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Author: Adam Droscha

Eaton County Commissioners vote to repeal TOST

Wednesday, March 21 at the Eaton County Board of Commissioners monthly meeting, the commissioners voted 9-6 to repeal “Regulations Governing On-site Sewage and On-site Water Supply System Evaluation and Maintenance.” The vote included the much-debated Time of Sale and Transfer (TOST) program. The vote followed two public hearings on the issue in February, as well as a final vote of the Barry-Eaton Board of Health to approve a repeal. Tuesday, March 13 the Barry County Board of Commissioners voted 6-0 in favor of the repeal. According to a press release from the Barry-Eaton District Department of Health, the TOST program will remain in effect for 45 days after the vote, after which “there will be no BEDHD requirement for an evaluation, or health department review, or authorization to transfer for properties with on-site sewage wells, or sewage systems.” The lack of regulation of Health Department regulation for on-site sewage and drain fields has some citizens very concerned. The long debated topic brought many citizens on both sides of the issue out for the Eaton County commissioners meeting. The commissioners’ chamber was reportedly standing room only March 21 as residents of both counties came to witness the results of the vote. The concern over lack of regulation was notably shared by a number of Eaton County commissioners, as well as members of the Barry-Eaton District Health Department. It remains unclear...

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Old Mill Furniture celebrates 50 years in Eaton Rapids

In 1968 Harold Hall was 21 years old. After working several other jobs, including one with his father’s own shoe repair business, he found himself working at Devereaux Furniture in Eaton Rapids. In 68 the owners were ready to sell the business, and Harold stepped up to take over, renaming the business to Old Mill Furniture and starting a legacy of small town dedication, service, and quality. When Harold bought the business, it was simply an opportunity to move up in the world. He had no grand ambitions of owning a furniture store, but the opportunity presented itself and...

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The changing face of Bellevue

It’s difficult to imagine sometimes, what it would be like if our own hometown was losing some former glory, dwindling in population, or not being invested in the way it should be. Stories like that unfortunately exist in so many cities and towns, both large and small. For Bellevue, Mich. the reality of getting smaller and losing some of the old familiarities is one that longtime residents know well. In recent weeks citizens of Bellevue watched as the old bank and former township building was gradually demolished, it’s ornate façade the last to be pulled down. The sight was a painful reminder for some that the old days of the small village have drifted into memory; the last remnants of glory days when Bellevue was a bustling town with multiple grocery and drug stores, car dealerships, and more. The old bank building was torn down to make way for a drive thru for Hometown Pharmacy. While the loss of the building is a sign of losing some history, it’s also a sign that the village is still adjusting for the times. One thing dies and makes way for another. Every town has its own circle of life in that way, for better or for worse. But, there are other parts of town that stand empty, vacant because of a lack of interest and traffic in town. Residents know this,...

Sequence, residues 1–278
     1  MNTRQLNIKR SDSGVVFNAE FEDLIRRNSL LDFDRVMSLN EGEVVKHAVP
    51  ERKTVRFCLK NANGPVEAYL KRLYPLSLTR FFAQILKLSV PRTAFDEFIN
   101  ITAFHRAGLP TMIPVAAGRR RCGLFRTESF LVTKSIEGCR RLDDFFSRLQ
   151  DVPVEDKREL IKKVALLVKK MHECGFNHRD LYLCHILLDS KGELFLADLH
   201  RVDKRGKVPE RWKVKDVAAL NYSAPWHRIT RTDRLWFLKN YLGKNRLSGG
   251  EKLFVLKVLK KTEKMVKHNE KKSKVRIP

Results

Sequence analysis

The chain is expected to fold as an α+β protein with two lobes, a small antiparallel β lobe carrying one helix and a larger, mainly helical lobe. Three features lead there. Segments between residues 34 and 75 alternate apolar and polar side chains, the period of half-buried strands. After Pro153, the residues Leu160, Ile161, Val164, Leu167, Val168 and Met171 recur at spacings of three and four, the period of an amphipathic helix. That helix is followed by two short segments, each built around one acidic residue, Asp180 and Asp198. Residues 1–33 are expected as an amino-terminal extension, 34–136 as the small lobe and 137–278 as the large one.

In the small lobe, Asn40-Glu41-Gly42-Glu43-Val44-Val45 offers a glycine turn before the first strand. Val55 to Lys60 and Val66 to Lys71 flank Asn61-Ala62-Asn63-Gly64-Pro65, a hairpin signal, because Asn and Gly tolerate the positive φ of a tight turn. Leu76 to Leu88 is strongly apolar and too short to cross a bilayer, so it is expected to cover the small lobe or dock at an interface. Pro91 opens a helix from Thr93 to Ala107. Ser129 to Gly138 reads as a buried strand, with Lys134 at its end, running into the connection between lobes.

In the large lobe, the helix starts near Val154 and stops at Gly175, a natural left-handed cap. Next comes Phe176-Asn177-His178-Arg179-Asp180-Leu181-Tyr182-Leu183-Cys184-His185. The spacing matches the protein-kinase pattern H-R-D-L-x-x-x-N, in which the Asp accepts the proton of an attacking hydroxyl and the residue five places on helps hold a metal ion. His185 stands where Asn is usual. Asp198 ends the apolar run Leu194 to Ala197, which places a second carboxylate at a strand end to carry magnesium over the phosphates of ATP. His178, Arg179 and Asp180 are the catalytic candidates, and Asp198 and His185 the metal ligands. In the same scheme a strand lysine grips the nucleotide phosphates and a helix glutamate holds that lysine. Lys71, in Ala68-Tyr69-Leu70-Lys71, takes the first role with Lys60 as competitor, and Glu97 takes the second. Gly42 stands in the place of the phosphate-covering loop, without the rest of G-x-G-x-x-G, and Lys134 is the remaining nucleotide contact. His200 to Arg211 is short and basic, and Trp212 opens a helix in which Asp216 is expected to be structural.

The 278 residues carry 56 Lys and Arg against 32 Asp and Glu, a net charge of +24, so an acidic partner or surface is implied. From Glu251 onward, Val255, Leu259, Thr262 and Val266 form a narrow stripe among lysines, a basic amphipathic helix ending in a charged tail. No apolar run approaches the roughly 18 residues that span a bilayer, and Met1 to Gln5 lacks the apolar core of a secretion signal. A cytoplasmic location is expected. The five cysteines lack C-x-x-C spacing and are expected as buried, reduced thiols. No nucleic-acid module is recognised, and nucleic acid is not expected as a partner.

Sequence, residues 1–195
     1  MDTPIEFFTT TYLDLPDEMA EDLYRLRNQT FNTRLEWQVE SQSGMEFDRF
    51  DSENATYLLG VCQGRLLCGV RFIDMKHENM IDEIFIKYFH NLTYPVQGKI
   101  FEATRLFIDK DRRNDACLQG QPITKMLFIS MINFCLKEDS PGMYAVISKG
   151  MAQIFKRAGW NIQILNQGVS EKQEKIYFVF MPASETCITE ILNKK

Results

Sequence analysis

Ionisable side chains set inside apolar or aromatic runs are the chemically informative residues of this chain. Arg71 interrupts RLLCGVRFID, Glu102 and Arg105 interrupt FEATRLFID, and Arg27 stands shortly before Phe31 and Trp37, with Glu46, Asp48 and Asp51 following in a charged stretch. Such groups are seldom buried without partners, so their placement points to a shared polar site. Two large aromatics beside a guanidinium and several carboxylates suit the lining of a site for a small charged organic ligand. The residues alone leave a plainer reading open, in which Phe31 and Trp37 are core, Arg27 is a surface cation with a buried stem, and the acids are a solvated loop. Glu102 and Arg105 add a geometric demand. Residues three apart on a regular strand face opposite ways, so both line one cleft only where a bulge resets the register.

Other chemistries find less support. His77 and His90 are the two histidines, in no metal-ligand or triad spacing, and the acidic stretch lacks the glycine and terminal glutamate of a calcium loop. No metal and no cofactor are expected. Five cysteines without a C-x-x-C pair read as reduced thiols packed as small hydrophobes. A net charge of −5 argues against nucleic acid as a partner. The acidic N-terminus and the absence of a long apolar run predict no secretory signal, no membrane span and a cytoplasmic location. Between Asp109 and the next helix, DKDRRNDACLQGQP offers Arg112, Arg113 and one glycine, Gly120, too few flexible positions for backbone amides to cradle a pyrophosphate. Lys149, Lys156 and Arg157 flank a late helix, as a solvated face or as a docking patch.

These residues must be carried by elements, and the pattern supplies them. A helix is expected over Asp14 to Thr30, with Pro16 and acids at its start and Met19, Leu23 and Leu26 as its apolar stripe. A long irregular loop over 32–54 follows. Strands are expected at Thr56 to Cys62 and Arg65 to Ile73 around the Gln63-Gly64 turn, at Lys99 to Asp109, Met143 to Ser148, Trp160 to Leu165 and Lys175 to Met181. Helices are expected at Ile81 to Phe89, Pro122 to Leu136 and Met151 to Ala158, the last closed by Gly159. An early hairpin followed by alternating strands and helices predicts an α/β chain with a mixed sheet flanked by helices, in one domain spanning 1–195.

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Fay’s Willow Tree adds dining room

In mid-January, Olivet’s beloved café and bakery, Fay’s Willow Tree, offered its customers a new option. After knocking out a wall and cleaning up some dust, Fay’s customers were able to enjoy a new dining area where people could sit on all four sides of a table, a luxury previously unavailable in the small shop. In Olivet there aren’t many places to sit down for a bite of food and chat. The restaurants that are in town are enjoyable and well worth the visit, yet in the case of Fay’s Willow Tree Café and Bakery the restaurant was enjoyable, but not ideal for a long visit. Cramped and crowded if too many people came in at once, the bakery only entertained three tables. The need for expansion was apparent from the opening, or at least to Amy Williams when she started working at Fay’s. Williams quickly moved into ownership at Fay’s, mere months after beginning work. The timing was right, the stars aligned, and Williams’ experience in food service aided her as she became a business owner and manager. The small space wasn’t doing her, or her customers, any favors, however. “People would walk out because there wasn’t enough waiting room, let alone sitting room,” said Williams. “I didn’t like seeing people walk out, or turning people away.” Months into taking over the business she started looking for other...

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Community remembers Gaylord Edgerly

The people behind the scenes are often the people who deserve the most praise and recognition, yet they rarely get the applause they deserve. Often times that’s how those behind the scenes people want it. They prefer to work in humble quiet, out of sight and out of mind, getting work done that most other people wouldn’t think to do. At the Courthouse Square Museum, Gaylord Edgerly was one of those individuals. Always working, tinkering, and fixing whatever was of need, or whatever came to mind. March 15, 2018 Gaylord died at the age of 85. The beloved handyman...

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